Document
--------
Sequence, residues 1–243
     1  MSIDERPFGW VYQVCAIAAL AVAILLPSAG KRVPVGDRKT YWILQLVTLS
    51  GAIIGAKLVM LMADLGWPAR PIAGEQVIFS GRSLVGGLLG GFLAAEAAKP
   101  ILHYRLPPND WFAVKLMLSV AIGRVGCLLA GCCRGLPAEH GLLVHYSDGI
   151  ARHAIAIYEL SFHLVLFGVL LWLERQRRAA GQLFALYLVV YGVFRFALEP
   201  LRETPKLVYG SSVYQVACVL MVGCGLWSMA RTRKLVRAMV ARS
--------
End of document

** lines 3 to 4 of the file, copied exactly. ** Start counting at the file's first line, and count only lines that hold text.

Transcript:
    51  GAIIGAKLVM LMADLGWPAR PIAGEQVIFS GRSLVGGLLG GFLAAEAAKP
   101  ILHYRLPPND WFAVKLMLSV AIGRVGCLLA GCCRGLPAEH GLLVHYSDGI